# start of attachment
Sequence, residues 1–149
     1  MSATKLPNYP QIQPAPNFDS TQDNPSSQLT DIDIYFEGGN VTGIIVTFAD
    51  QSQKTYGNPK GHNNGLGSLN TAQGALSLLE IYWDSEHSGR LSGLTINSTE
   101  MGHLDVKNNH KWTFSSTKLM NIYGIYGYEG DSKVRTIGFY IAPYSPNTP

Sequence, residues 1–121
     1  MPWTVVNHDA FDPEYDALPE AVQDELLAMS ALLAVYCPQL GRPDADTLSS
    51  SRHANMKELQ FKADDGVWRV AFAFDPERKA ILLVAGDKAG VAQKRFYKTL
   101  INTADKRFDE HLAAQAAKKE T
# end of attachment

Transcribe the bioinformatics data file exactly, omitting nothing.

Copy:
Sequence, residues 1–149
     1  MSATKLPNYP QIQPAPNFDS TQDNPSSQLT DIDIYFEGGN VTGIIVTFAD
    51  QSQKTYGNPK GHNNGLGSLN TAQGALSLLE IYWDSEHSGR LSGLTINSTE
   101  MGHLDVKNNH KWTFSSTKLM NIYGIYGYEG DSKVRTIGFY IAPYSPNTP

Sequence, residues 1–121
     1  MPWTVVNHDA FDPEYDALPE AVQDELLAMS ALLAVYCPQL GRPDADTLSS
    51  SRHANMKELQ FKADDGVWRV AFAFDPERKA ILLVAGDKAG VAQKRFYKTL
   101  INTADKRFDE HLAAQAAKKE T